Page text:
As for the compilation The Taste of TG, which appears with a new tracklist incorporating a number from their reunion album The Endless Not, it’s a reasonable entry point for those who have never heard this stuff – a summation of lots of the things that made them special, drawing from rarely-heard live recordings as well as their studio records. And for completists, it may be the one place you can get “Distant Dreams (Part 2)”, the B-side to “Adrenalin”, on CD.
Azonic – Prospect Of The Deep Volume One (Invisible Music)
Two members of Blind Idiot God appear here in a guitar/ percussion duo that enjoys building up massive walls of sound that drone on without end like some exceptionally brutal form of New Age music. Fans of Earth, Sunn O))) and Borbetomagus take note!
LAMF Live At the Bowery Electric (MVD Audio)
Sole surviving member of the Heartbreakers lineup that recorded this album, Walter Lure, teams up with Wayne Kramer, Tommy Stinson and Clem Burke to slam through the songs on this album for a New York crowd. I don’t doubt it was a fun night out. Lure sings with gusto, Kramer does a more than passable job in the Johnny Thunders spot, and Stinson/ Burke is a hell of a rhythm section. But the question is – would anyone on earth ever put this on their stereo, INSTEAD OF the real LAMF if they had the urge to listen to some Heartbreakers material? If you are that person, good news – it was also captured on video, and is separately available on DVD.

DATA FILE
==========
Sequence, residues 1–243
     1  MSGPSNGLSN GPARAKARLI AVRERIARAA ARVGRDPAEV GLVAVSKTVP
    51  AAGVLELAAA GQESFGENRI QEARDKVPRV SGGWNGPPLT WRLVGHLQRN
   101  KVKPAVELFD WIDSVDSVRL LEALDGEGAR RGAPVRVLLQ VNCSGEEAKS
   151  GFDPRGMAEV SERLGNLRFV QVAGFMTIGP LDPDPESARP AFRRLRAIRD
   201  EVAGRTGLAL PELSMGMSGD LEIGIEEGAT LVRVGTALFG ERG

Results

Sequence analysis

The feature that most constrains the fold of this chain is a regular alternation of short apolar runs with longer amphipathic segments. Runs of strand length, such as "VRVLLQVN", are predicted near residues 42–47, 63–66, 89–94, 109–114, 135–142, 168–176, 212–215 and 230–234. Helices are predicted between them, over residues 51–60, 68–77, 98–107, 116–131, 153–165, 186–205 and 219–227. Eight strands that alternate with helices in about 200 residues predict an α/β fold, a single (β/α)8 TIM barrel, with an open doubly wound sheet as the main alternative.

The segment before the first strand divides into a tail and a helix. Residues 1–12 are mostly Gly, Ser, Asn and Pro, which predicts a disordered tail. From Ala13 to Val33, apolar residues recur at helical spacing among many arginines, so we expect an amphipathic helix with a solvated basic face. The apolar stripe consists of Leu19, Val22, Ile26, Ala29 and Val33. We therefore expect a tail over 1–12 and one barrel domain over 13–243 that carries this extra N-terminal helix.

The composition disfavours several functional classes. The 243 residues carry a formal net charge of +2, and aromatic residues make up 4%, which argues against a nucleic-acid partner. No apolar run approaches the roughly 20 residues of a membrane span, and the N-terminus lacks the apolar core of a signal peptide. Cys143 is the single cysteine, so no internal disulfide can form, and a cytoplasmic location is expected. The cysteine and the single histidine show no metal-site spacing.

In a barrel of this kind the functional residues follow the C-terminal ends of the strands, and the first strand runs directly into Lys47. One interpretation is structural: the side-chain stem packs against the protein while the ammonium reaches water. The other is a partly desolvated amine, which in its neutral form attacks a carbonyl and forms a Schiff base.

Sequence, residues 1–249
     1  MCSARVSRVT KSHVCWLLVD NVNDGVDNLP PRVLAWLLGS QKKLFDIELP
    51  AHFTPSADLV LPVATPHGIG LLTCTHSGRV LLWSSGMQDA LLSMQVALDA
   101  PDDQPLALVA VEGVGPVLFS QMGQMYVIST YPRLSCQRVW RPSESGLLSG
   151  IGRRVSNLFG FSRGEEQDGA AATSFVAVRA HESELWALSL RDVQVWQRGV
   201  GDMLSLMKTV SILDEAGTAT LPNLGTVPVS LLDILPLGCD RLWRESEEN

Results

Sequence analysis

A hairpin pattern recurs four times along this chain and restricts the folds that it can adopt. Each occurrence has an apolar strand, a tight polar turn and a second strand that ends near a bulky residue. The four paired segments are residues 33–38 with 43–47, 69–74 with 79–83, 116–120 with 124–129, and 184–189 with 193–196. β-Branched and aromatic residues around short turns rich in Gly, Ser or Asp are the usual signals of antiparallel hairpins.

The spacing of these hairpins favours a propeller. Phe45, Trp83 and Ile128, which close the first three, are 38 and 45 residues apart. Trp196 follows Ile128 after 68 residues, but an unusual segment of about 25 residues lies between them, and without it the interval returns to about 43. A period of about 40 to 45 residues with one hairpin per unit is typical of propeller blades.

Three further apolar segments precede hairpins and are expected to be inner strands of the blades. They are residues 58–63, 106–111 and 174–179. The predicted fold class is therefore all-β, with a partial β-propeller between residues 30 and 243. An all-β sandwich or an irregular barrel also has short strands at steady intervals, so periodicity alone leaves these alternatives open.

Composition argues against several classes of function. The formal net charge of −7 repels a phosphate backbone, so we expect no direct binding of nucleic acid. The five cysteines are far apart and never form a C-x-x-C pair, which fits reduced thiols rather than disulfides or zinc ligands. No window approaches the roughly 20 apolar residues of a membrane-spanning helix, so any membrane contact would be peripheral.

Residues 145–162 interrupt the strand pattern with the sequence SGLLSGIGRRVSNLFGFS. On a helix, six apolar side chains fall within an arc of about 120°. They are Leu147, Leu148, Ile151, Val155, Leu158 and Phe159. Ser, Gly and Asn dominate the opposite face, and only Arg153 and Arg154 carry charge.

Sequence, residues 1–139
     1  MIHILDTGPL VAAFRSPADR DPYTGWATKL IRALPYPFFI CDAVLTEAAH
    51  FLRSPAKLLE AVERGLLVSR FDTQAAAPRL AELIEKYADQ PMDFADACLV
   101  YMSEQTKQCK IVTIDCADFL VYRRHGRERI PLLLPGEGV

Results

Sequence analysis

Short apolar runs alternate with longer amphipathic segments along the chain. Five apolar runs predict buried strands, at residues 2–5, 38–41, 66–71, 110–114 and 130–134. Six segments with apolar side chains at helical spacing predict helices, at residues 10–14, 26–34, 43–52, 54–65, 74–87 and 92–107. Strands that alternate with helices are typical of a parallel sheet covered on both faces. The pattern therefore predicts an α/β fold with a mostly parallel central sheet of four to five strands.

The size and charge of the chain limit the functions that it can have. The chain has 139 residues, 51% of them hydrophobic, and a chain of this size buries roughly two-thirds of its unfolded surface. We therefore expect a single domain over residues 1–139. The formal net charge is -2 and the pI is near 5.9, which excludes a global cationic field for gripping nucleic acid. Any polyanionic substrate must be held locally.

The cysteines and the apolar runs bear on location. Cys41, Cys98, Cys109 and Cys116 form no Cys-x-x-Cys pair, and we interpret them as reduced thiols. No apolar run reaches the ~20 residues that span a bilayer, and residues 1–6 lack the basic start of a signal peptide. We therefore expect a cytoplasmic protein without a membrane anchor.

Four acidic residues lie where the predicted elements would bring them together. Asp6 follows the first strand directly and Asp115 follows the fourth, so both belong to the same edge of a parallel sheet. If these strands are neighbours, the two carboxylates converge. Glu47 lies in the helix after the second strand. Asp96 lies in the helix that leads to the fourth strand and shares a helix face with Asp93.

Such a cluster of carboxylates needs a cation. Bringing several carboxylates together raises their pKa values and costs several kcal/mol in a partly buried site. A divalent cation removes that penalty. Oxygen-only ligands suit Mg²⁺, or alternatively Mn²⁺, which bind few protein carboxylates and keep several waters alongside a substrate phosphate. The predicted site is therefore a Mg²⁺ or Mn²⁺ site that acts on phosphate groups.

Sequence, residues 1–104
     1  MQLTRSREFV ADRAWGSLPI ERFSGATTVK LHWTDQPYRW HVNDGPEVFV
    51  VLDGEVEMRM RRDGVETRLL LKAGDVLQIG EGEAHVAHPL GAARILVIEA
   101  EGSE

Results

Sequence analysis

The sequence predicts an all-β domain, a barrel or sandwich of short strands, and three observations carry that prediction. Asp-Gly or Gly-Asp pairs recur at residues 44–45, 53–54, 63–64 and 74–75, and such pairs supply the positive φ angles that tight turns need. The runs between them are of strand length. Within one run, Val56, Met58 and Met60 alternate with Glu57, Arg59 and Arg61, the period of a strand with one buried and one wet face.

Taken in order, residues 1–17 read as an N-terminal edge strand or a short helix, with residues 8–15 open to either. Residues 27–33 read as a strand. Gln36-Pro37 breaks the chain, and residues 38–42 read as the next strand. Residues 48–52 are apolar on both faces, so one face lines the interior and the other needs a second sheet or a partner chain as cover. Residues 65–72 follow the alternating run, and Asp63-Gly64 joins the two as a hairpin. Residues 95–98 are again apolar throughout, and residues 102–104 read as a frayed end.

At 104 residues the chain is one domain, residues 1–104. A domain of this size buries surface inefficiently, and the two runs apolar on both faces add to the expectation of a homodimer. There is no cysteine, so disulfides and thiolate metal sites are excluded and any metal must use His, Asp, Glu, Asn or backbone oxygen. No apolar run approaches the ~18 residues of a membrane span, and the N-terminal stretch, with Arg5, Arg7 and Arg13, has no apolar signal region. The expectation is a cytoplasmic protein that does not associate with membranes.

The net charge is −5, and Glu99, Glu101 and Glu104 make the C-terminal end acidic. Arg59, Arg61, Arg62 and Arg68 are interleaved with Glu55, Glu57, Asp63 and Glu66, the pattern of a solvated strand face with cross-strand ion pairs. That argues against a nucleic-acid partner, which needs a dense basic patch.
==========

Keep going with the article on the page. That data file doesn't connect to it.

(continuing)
Ben Bostick – Ben Bostick (Simply Fantastic Music)
Bostick is a country singer with a deep baritone voice and a good-bad-but-not-evil winking way about him. The funny, fast-talking “The Juggler”, about a man with more girlfriends than good sense, is a memorable character sketch with no particular moral to the story. I could have a beer with this album.
The Alex P. Smith Band – The Alex P. Smith Band (Darlar Productions)
This disc is one of the oddest curiosities ever to cross my mailbox. It’ s a two-piece from Cleveland who appear to work in a costume shop, and who make it clear from their press release that they don’t care for Meghan Trainor or girls singing about their booties. By contrast, their own songs take on serious issues- poverty, war and exploitation. But the lyrics to “North, South, East…”, in which they appear to be trying to start beef with Kanye, and “Black Man”, in which I think somebody gets killed during a traffic stop at an intersection for reasons that are maddeningly unclear, make me wonder where they actually stand on these issues. They routinely butcher the English language when singing about unfortunate Native Americans and African war babies, leading to sentences like “For whom the bell tolled, for him it chimed” and “step wrong, mamba bite”. I assume they mean well and everything but I’m not sure what musical value there is in just listing social injustices without ever taking a position on it like “this should stop” or “how long do we tolerate mass murder?” or “this is not a rebel song!” The one thing they seem willing to take a stand on is girls’ butts being off limits, and then they spend several lines of their Kanye diss taking on the delicate-because-they-already-self-righteously-brought-it-up topic of girls’ butts. I’m probably overthinking it but I did indeed spend some serious head scratching time in the course of this CD’s forty-six minutes.